I don’t often blog about the books I’m working on – but today my publishers sent me the cover of a book of mine they’re releasing in September. It’s been professionally designed and looks fantastic. Cover reveal? Sure. When the moment comes – this is a commercially published book and there’ll be a marketing campaign. … More Sixty second writing tip: covers do sell books
Another local bookshop has become memory here in Wellington this month. Bennetts Government Bookshop announced it’s closing its doors. It’s the sign of a new age. Five years ago there were seven bookstores down the golden mile of Lambton Quay – the top retail street in New Zealand. You could conjure with their names; Parsons, Bennetts, Borders, … More A lament to the lost world of bookstores
American crime novellist Sue Grafton got indie and self-published authors’ blood boiling the other week by suggesting that they were too lazy to do the hard yards – they hadn’t paid their dues. That copped a broadside from British indie writer Adam Croft, according to a report in The Guardian. Self-published authors, he was reported … More Self-publish vs trad – who works hardest?
Author and blogger Susan Keirnan-Lewis posted the other day about the current trend among agents and the publishing industry to view books as having a ‘shelf life’. Even a slightly old manuscript is seen as dated – ‘trunk fodder’ – and unsaleable. That idea, as Susan pointed out, is rubbish. The best stories are timeless. … More How to make your story timeless – part 1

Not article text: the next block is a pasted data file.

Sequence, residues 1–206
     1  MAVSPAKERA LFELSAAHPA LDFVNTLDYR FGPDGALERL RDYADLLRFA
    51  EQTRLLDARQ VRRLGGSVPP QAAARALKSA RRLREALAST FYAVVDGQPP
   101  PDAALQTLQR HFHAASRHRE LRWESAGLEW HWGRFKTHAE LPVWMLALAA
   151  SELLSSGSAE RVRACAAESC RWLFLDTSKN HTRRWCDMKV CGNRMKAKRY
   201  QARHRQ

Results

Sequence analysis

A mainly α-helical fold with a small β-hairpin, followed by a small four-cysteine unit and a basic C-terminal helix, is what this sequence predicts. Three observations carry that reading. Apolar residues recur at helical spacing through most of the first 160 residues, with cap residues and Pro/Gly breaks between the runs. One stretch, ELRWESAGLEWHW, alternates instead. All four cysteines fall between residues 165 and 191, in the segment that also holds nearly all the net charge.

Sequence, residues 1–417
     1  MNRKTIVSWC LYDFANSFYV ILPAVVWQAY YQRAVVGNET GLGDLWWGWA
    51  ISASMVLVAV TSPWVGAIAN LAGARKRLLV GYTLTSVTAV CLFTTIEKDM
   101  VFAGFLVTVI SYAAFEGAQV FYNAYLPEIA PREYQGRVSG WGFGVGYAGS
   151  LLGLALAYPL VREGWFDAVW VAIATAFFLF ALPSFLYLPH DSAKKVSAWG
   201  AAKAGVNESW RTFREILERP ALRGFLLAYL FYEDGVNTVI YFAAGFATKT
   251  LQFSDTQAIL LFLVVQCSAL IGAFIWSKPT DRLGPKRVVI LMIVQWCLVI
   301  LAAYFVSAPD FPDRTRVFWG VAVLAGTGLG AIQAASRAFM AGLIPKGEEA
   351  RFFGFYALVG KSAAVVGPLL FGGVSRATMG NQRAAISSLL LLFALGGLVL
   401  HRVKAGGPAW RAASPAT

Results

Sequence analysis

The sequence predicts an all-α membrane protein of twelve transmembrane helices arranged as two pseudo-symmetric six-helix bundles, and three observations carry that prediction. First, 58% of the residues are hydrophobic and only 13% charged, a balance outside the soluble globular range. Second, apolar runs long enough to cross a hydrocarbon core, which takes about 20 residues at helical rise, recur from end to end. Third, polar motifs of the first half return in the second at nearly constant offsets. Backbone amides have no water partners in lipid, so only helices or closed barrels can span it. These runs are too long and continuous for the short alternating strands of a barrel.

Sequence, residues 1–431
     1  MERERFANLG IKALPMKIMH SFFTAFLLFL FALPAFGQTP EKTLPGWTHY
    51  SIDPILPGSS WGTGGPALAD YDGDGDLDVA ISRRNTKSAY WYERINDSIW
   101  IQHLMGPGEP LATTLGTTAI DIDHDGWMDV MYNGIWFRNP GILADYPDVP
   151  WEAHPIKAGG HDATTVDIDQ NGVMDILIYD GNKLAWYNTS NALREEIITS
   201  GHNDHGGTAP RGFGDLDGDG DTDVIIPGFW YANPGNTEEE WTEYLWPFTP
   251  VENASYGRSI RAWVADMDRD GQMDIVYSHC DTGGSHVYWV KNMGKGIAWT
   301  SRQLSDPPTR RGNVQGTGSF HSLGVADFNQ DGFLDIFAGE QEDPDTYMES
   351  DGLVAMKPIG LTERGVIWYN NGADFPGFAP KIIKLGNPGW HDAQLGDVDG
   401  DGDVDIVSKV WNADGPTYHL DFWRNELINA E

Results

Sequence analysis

There was a bit of a shuffle in the corner of the blog-o-sphere I inhabit this last week. An author reported that she’d been pinged for using a photo on her blog which she’d found via Google but which, it turned out, was copyright – and the photographer chased her for it. The photographer was … More The authors’ copyright dilemna
Self-publishing for writers is decidedly in these days, as we discover that 21st century computing isn’t about psychotic AI mainframes – it’s about connectivity. A brave new world for those with a yen to write books. But some things haven’t changed – such as when to publish, and how often. This is about best exploiting … More Market slot and your publication – how, why and when
A friend pointed me to this the other day. Someone’s come up with a way for print to compete with e-books. http://news.yahoo.com/blogs/technology-blog/book-printed-disappearing-ink-eventually-goes-blank-155955712.html How? According to the report, they print the book in disappearing ink. Apparently that will FORCE the customer to read it quickly before their purchase becomes a worthless paperweight. We have a saying about that … More This has to be the world’s stupidest publishing idea
I’ve said it before, and I’ll say it again – your voice, as a writer, is important. It sets the tone. And if you do it right, it will set your writing apart. Sometimes a distinctive voice works even if other things are wrong. Take Hamish Clayton’s novel Wulf (Penguin 2011). It’s a fantastic read – up … More How to build your writing voice and meet great people in one go
I posted a comment the other week on Roger Colby’s blog about print-on-demand book making. POD. A relatively new technology. It’s also an interesting technology, especially for writers – and, for that matter, small publishers. I thought I’d extend those thoughts a bit. Digital print has been around a while. Basically, it’s photocopying – same … More The pros and cons of POD books. Er – pod what?
I thought I’d share a few tips about page layout today. Professional publishers work hard to give each book an individuality, even if it is a text-only paperback. Self-publishers should too. There are a few rules – which apply irrespective of software. These days most word processing software will do layout to some extent – … More Giving your e-book the professional edge